Declare Your Future Career… At Age 14?
When I was 14 years old, I had a major plan for my future life. I thought about this plan almost every day for a year, and I just knew in my heart of hearts that if I studied hard, listened to my parents and went to church every Sunday, my life’s dream would happen the very minute I turned an adult at age 18.
Alas, Tom Selleck never answered my letters, so I’m not currently driving around Hawaii in his Magnum PI Ferrari. Oh, well. His loss. That mustache was probably too tickly, anyway.
I thought about my crazy dream life recently when I heard a story on my NPR station about Texas Bill 5, a somewhat controversial educational plan that will require kids as young as 14 to declare their future careers. Yep, 14. The entire idea immediately struck me as ridiculous, and not just because the lawmaker interviewed about it said that many kids at that age might want to grow up and become “cost estimators.” Yeah, buddy, take a walk around an 8th grade hallway and you know what you won’t see? Boys wearing t-shirts featuring pictures of their cost estimator heroes. (Also, based on all of the skateboard crashes I see at the mall, teen boys aren’t exactly known for their estimating skills, anyway.)
But that said, I’m sure there are arguments about how making plans and goals like this will inspire some kids to stay in school and stay the course. And that’s beyond valuable. I’m definitely in favor of making teens career-minded. What I’m not so much in favor of is the age at which they’re asked to do this. Most fourteen-year-olds are having too much fun being 14 to worry about what they’re going to do at age 35. Or at least I hope they are. Maybe I should tell the 8th grade girls who live in my cul-de-sac to stop focusing on perfecting their high kicks and focus on their future Healthcare jobs instead. I’m sure they’ll jump right on that.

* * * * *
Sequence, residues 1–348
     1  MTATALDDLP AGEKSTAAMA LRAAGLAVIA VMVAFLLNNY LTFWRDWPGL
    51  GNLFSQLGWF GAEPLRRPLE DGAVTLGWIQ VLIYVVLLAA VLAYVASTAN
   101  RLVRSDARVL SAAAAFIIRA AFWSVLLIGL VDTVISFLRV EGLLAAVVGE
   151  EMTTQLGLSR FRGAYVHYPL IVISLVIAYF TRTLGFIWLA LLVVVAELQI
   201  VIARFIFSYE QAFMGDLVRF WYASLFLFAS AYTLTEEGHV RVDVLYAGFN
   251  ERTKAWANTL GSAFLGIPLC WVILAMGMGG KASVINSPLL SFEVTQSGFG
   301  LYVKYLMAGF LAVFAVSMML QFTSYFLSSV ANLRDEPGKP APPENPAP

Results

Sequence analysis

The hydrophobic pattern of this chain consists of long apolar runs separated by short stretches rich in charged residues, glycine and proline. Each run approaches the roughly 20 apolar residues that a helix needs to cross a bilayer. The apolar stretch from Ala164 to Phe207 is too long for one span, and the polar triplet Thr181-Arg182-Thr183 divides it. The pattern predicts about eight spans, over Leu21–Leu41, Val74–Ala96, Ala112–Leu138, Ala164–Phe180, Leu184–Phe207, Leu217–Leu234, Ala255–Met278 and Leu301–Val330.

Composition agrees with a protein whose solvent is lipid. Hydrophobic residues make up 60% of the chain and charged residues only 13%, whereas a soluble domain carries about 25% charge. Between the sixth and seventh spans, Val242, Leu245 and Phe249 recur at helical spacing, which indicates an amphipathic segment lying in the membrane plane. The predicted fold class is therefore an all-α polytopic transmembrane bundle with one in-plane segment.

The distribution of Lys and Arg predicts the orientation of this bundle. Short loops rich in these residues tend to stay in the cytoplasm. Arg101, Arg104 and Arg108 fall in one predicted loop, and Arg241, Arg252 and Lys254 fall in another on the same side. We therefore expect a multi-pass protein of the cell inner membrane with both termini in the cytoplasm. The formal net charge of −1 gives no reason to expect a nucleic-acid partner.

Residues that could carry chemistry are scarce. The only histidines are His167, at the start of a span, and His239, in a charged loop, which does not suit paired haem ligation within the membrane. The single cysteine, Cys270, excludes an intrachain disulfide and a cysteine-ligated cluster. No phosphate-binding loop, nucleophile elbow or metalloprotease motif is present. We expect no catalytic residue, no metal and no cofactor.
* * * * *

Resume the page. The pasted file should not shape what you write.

When I mentioned something about Texas Bill 5 on my personal Facebook page, I quickly discovered that my dream of marrying Magnum PI wasn’t that far off the mark. In fact, I had about 100 hilarious comments about what some of my friends wanted to be when they were 14. Here are just a few:
Peyton Price: Plucked out of the audience to replace a Broadway star.
Nichole Beaudry: A professional cheerleader. What? Stop laughing. There’s still time.
Tracy Morrison: The 4th Charlie’s Angel.
Megan Billowitch: A groupie for Guns and Roses!
April Martini: Rob Lowe’s girlfriend, I’m still waiting.
Jen Hajer: A VUARNET sweater designer. Duh.
Jenn Bobbitt Larson: Vegas Showgirl or a CIA operative. So apparently Jennifer Garner in Alias… but this was pre-Alias which makes me super cool.
Jessica Ashley: I wanted to be a writer…leading the glamorous life. I even wrote an essay about it in 8th grade to seal the deal. And it obviously came to full fruition. (Then she posted a video of Shiela E.)
Penne Heede Pojar: I wanted to be a Corvette designer who owned the Denver Broncos. I wrote it down even so that it would come true.
Tristan Mercado: I practiced being Mary Mother of God every night after I got out of the tub with a towel pinned to my hair and cradling a fake baby Jesus. I totally had it down.
Well, you get the idea. It was a funny interaction, but the take-away is that 14-year-olds of my generation are no different than 14-year-olds of today. At least my 13-year-old son isn’t because when I asked him what he wanted to be when he grew up, he shrugged and said, “I dunno. Is watching baseball a job?”
Middle school and early high school is when kids should be allowed to still have dreams and crazy aspirations about their futures. Yes, it’s still a time to study and get a good education, but reality will hit soon enough. Let the kids be kids a little while longer. The world can do without another cost estimator.
What did you want to be at age 14? Tell us!